“Everyone in this country should be entitled to clean water, regardless of their income or where they live. In southern New Mexico, we understand the volatility of water availability and the fragility of clean water in a changing desert ecosystem. We must protect our clean water at all costs. The Clean Water Rule, which this Administration is recklessly and irresponsibly trying to repeal, is based on science that reflects what we already know, that our water sources are interconnected and must be protected. This rule repealing the clean water safeguards is a step back for southern New Mexico communities and the future of our families and children. We stand with other communities in the country against polluting industries and strongly oppose the gutting of the Clean Water Rule.”
Protégete issues the following statement:
“Protégete stands with frontline communities in Colorado and beyond in rejecting the latest attack on the Clean Water Act from Trump’s EPA and corporate polluters. Colorado residents, especially those in frontline communities, care deeply about our public resources and especially our rivers, streams, and wetlands, and repealing the Clean Water Rule removes important, science based protections in favor of giving polluters a free pass. We will continue to organize and make sure people from all walks of life in Colorado understand the threats to our water resources”
Dr. Elena Rios, President and CEO of the National Hispanic Medical Association, issues the following comments:
“Repealing the Clean Water Rule is a surefire way to leave communities across the country with less protections on the safety and cleanliness of their local rivers, lakes, streams, and wetlands. Ensuring that our water is safe for our families to swim, fish, and recreate is one of the central goals of the Clean Water Act, and repealing the Clean Water Rule leaves millions with less safe water while clearing the way for the Trump administration’s to codify weaker protections through their “Dirty Water Rule.” The National Hispanic Medical Association stands against this and any other rollbacks ignoring the public health concerns of our communities and our ecosystems.”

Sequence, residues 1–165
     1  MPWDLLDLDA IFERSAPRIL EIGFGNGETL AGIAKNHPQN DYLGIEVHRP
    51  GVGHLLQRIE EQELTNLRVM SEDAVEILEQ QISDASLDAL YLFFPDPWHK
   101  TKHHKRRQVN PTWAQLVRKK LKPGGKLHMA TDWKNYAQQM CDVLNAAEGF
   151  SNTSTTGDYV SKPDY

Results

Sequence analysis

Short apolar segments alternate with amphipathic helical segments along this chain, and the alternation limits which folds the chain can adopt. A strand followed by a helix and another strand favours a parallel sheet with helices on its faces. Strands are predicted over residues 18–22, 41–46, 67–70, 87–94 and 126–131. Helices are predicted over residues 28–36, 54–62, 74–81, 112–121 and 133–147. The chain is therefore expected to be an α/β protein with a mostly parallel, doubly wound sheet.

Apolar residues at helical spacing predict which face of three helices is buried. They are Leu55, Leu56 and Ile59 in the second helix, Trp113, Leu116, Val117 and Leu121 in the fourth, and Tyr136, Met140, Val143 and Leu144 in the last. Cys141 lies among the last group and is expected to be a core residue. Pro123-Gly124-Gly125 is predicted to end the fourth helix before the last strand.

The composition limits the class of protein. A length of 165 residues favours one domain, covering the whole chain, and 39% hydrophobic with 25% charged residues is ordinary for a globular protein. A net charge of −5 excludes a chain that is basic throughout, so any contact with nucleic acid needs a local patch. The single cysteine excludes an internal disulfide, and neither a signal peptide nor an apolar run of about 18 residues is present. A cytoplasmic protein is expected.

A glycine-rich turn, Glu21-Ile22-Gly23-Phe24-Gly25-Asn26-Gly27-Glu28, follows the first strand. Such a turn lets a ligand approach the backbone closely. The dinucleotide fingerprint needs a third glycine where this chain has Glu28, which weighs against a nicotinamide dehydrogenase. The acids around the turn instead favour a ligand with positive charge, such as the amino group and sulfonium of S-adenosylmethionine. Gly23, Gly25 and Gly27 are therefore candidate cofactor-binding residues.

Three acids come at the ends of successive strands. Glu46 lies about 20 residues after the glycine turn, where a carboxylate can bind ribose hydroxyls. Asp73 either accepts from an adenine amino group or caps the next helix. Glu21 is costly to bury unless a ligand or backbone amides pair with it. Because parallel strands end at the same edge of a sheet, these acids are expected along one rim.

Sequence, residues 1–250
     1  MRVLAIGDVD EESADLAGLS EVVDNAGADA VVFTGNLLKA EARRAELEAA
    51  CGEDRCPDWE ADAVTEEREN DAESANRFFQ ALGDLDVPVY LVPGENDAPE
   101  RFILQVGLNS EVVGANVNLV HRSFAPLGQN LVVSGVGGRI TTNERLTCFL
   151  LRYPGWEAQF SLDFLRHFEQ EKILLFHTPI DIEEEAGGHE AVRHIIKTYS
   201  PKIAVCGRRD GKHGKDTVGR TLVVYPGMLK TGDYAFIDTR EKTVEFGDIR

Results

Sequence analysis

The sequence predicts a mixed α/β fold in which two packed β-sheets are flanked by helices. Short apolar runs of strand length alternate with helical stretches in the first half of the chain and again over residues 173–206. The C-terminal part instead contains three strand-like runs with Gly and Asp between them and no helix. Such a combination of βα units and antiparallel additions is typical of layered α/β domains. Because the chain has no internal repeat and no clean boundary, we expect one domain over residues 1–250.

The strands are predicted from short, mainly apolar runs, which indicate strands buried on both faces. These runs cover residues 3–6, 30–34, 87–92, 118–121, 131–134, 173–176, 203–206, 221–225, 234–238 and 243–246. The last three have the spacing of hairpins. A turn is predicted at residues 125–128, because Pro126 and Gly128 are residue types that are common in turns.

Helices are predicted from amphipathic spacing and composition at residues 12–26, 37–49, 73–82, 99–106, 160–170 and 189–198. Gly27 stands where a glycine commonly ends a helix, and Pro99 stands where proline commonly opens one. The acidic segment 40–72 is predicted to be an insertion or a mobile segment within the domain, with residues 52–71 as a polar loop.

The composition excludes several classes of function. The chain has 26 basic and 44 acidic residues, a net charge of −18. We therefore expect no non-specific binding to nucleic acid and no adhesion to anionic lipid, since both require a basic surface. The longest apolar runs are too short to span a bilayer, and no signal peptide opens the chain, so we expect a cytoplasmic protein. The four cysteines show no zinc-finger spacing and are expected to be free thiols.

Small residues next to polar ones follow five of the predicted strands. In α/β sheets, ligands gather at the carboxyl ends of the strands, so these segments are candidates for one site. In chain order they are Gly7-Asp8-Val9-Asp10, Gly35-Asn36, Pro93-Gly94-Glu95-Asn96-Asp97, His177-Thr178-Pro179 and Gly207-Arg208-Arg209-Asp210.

Lorette Picciano, Executive Director of The Rural Coalition, issues the following statement:
"As producers, farmworkers, tribal and rural people of the land we see water as our lifeblood and know how it is cared for upstream affects river systems downstream. We don’t want to return to the day when two-thirds of our waterways were too polluted – by mining operations that leaked the arsenic that killed all the fish in the Alamosa River in Colorado; by the coal ash, dumped for years into the Dan River by Duke Energy; or by the tides of phosphorus washed from fertilized farms and feedlots upstream that pollute the Mississippi and the Gulf of Mexico. Our Coalition stands with the hundreds of thousands of Americans and organizations who supported restoring the full protection of the Clean Water Act to the countless miles of tributary and seasonal streams, wetlands and rivers that sustain our communities and against giant corporate agriculture and real estate industry who, with this rule, are sacrificing ecologically valuable wetlands and streams across the nation.”